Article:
Perth experiment has failed and plug needs pulling before even more money is wasted

It's time for Australia to admit defeat with the Western Force. Admit the bold experiment of taking rugby to Perth hasn't worked and bin the Force.

Admit that giving Australia five teams hasn't worked and cut them back to four for 2017.

The Australian Conference hasn't suddenly reached this point of hopelessness and awfulness - it's been in steady decline for the better part of the past decade.
The right thing for the Australian Rugby Union would be to apply a cold, clinical assessment of the current situation and agree that they have to pack up and leave town for the greater good of not only the game domestically in Australia but of Super Rugby.

The position appears untenable. The Force are being bankrolled by the ARU because the club can't stand on its own feet financially. The Force don't have the support from fans or sponsors and it's wishful thinking to believe that ambitious players are going to want to sign with the club just because the ARU thinks they should. A few big names - Mat Giteau and Nathan Sharpe - headed west in the early days, but it was third party money that lured them and they didn't stay.


In 11 campaigns, they have never made the playoffs or even come close. And since the Force launched in 2006, the Reds, bar a two-year period in 2011 and 2012, have lost any semblance of competitiveness. The Rebels have only further diluted the playing pool since they launched in 2011 and they look like they could play for another lifetime and still not get any better.

Australia have had one champion side in 11 seasons and that says it all. This is chronic, terminal decline - not a bad year as a few are trying to suggest. A bad situation is only going to get worse - worse, because the ARU doesn't have deep enough pockets to prop up the Force indefinitely.

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The Force can't be salvaged. Australia have neither the money, players nor coaches to stretch across five teams and even if they did find a way of fixing the Force, it would only be at the expense of one of their other teams.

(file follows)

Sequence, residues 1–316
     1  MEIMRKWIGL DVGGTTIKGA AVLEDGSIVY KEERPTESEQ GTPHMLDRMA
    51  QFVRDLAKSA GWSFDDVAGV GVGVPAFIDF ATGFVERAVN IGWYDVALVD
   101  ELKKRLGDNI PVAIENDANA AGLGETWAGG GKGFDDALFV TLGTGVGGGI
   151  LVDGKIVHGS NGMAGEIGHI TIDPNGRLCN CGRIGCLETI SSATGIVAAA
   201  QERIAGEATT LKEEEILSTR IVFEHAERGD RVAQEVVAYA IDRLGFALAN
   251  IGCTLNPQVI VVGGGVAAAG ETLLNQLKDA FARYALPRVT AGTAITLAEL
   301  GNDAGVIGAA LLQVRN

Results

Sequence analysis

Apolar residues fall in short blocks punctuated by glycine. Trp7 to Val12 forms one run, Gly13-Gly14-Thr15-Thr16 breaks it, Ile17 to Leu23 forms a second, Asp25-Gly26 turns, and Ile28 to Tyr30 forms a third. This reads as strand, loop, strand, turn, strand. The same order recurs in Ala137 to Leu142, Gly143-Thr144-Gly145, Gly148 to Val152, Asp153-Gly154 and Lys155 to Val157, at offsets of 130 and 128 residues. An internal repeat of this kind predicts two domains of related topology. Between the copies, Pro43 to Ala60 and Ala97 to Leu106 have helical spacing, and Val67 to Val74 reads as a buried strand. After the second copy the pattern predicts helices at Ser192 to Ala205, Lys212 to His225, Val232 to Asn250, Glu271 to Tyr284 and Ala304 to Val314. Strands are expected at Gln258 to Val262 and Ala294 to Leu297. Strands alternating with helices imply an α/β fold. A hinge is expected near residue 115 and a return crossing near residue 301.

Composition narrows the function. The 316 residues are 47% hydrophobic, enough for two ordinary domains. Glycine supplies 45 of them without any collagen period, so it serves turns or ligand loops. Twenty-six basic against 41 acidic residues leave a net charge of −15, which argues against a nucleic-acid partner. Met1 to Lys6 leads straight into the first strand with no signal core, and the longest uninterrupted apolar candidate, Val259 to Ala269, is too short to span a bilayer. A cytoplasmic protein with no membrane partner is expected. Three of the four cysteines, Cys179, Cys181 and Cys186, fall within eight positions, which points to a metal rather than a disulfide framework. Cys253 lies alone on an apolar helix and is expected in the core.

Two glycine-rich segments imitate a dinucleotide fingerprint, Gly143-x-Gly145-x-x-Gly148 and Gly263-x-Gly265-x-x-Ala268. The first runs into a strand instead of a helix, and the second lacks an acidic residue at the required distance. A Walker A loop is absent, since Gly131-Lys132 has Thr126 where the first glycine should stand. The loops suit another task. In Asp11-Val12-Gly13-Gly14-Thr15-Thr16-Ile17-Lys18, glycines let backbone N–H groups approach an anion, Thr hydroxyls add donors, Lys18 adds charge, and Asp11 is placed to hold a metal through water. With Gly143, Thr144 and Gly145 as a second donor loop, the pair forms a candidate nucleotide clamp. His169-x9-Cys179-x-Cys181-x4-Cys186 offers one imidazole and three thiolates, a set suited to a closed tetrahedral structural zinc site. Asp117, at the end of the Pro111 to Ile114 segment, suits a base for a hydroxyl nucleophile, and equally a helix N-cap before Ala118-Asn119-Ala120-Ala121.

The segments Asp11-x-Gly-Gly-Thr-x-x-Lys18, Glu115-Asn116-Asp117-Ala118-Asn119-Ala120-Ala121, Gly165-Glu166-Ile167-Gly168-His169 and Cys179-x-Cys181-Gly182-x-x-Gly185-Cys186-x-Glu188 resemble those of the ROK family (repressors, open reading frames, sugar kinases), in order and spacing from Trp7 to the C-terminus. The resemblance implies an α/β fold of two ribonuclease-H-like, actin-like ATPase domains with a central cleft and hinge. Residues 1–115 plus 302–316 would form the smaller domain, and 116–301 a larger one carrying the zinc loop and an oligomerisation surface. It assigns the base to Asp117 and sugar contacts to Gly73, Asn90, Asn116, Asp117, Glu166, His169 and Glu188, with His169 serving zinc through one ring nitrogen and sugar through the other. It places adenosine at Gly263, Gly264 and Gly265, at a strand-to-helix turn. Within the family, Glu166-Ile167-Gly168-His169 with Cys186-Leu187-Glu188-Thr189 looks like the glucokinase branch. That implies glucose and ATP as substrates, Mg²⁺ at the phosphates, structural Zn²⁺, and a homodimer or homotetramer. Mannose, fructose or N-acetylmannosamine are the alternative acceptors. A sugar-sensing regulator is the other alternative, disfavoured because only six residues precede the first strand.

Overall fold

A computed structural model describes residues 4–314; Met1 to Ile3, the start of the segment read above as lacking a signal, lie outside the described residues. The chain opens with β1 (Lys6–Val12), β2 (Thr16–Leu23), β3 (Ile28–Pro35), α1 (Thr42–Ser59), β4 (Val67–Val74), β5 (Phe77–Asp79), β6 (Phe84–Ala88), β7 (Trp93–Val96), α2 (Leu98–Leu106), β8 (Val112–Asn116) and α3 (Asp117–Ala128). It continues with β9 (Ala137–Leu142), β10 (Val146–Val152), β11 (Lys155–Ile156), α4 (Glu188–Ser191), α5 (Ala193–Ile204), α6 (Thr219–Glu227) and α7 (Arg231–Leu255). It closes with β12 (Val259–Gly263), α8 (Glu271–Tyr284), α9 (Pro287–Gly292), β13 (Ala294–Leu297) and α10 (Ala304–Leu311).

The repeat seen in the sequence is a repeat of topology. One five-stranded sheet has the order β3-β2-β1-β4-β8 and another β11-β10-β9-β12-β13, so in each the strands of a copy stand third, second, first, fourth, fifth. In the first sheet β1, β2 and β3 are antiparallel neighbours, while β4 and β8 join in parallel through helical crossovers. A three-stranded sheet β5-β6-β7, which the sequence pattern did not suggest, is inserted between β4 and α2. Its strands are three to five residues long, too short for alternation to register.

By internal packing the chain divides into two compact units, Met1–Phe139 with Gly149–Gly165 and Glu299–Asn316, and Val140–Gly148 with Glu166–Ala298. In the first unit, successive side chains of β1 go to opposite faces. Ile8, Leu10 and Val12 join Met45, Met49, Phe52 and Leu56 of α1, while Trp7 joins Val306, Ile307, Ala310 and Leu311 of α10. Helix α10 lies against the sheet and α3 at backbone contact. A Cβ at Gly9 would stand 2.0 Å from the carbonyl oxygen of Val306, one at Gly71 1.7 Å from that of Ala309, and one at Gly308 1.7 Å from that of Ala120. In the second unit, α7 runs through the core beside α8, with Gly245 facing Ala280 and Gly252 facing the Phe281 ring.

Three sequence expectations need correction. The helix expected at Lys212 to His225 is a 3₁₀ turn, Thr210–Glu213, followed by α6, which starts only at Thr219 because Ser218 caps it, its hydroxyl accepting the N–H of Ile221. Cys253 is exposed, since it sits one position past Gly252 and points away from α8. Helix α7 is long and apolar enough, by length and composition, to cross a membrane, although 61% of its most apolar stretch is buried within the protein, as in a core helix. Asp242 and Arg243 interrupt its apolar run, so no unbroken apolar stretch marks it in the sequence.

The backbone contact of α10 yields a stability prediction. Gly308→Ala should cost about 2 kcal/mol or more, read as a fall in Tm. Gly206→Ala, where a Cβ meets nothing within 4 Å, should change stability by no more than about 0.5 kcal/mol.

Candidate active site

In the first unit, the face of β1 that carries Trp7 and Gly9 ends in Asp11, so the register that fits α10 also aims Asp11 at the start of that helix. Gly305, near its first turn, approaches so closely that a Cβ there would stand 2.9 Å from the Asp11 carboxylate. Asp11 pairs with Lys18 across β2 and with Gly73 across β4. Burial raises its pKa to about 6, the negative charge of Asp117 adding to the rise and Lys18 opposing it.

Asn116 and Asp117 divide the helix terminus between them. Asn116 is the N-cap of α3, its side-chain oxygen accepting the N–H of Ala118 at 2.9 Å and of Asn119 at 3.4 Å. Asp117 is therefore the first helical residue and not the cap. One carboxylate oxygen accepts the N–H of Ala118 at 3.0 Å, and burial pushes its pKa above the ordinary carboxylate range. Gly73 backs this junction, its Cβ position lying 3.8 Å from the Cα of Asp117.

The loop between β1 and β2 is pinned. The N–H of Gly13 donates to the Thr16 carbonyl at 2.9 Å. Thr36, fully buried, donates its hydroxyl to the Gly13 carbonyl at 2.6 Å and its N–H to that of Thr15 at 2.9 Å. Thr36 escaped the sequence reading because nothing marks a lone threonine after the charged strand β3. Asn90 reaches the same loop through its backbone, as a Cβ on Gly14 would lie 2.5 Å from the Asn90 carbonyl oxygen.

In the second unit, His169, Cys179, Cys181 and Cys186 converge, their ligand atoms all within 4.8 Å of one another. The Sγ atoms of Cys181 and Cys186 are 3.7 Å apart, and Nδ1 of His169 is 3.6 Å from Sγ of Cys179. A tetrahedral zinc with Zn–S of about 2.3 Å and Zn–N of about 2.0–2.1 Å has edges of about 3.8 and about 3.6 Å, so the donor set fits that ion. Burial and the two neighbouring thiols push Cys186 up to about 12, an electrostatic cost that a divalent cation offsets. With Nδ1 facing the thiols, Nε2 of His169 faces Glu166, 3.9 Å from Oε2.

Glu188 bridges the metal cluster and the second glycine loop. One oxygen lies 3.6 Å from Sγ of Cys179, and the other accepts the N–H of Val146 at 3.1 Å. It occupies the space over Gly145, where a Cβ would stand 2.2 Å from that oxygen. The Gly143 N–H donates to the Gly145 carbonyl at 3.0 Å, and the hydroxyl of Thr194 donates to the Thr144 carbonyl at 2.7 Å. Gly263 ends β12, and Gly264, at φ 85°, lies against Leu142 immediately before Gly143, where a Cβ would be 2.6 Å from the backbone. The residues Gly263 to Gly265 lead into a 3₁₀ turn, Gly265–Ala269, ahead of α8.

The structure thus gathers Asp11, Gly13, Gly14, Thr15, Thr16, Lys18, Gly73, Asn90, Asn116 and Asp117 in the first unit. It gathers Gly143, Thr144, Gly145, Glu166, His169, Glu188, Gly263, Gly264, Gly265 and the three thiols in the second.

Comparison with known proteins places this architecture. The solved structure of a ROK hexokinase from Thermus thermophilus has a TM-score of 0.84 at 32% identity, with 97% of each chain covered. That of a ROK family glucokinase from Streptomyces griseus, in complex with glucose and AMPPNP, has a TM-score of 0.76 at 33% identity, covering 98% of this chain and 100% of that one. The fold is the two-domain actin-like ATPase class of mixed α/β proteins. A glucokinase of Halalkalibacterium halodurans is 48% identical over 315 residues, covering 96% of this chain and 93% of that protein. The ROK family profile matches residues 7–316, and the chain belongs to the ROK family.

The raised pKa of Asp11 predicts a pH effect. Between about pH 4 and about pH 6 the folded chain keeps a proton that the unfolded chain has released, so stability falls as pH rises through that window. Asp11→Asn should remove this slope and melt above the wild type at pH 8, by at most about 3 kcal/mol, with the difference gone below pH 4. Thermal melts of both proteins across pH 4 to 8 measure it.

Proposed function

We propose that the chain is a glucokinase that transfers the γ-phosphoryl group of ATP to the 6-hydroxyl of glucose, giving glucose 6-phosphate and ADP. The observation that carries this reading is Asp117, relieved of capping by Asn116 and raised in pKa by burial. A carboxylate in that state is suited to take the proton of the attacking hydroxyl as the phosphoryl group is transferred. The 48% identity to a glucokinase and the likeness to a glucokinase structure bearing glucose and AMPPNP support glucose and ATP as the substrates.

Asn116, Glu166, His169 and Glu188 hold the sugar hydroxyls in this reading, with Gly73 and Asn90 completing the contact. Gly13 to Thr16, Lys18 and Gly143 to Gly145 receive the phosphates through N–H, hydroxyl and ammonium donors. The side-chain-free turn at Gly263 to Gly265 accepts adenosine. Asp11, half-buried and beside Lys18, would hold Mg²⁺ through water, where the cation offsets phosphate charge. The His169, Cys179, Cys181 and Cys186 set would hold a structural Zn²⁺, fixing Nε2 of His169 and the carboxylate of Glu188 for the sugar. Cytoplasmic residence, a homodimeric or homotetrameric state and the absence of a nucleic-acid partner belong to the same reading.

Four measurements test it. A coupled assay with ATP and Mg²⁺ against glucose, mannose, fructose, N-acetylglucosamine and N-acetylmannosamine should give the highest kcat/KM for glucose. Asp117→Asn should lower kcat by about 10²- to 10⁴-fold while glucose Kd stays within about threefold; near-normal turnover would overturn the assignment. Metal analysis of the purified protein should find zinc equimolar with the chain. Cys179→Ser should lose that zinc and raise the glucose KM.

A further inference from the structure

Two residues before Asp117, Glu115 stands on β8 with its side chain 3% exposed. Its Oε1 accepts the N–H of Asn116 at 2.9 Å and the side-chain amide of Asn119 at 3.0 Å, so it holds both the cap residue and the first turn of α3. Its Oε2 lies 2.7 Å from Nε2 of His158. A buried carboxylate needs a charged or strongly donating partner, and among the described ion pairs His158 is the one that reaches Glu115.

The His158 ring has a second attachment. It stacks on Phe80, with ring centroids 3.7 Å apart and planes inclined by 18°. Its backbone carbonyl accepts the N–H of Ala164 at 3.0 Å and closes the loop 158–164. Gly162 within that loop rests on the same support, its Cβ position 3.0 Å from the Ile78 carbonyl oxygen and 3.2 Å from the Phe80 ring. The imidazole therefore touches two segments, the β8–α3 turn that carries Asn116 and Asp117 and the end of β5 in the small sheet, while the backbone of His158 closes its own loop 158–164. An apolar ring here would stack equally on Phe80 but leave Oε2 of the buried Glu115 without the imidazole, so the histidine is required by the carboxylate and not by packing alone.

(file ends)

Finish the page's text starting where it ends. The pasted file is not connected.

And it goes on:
The ARU, determined to spread rugby away from the Eastern Seaboard, won't be interested in listening to calls for the Force to be axed after this campaign. But pride will stop them from seeing that they need to take a step back and consolidate - and then, maybe, in time they can think about expansion when the case to do it is stronger.

But no doubt they will cling on, determined they are right and that Australia can make five teams competitive. They can stay in denial, convince themselves that in 12 months, the cycle will turn and that Australian sides will suddenly be jostling each other for playoff spots. They will be in a state of delusion if they do that. Australian sides are being hurt by a lack of foundation skills. They don't have the basics sorted and their players don't appear to be well enough drilled or conditioned.

If they axe the Force, they can tighten their talent pool and bulk up their coaching teams. And hopefully, they can start winning more games, build confidence and wider interest in the sport.

Giving up on the Force is the right thing to do - however much it might hurt the ARU to admit that.

Force struggles

2006 - 1 win (finished 14th)
2007 - 6 wins (7th)
2008 - 7 wins (8th)
2009 - 6 wins (8th)
2010 - 4 wins (13th)
2011 - 5 wins (12th)
2012 - 3 wins (14th)
2013 - 4 wins (13th)
2014 - 9 wins (8th) Best season
2015 - 3 wins (15th)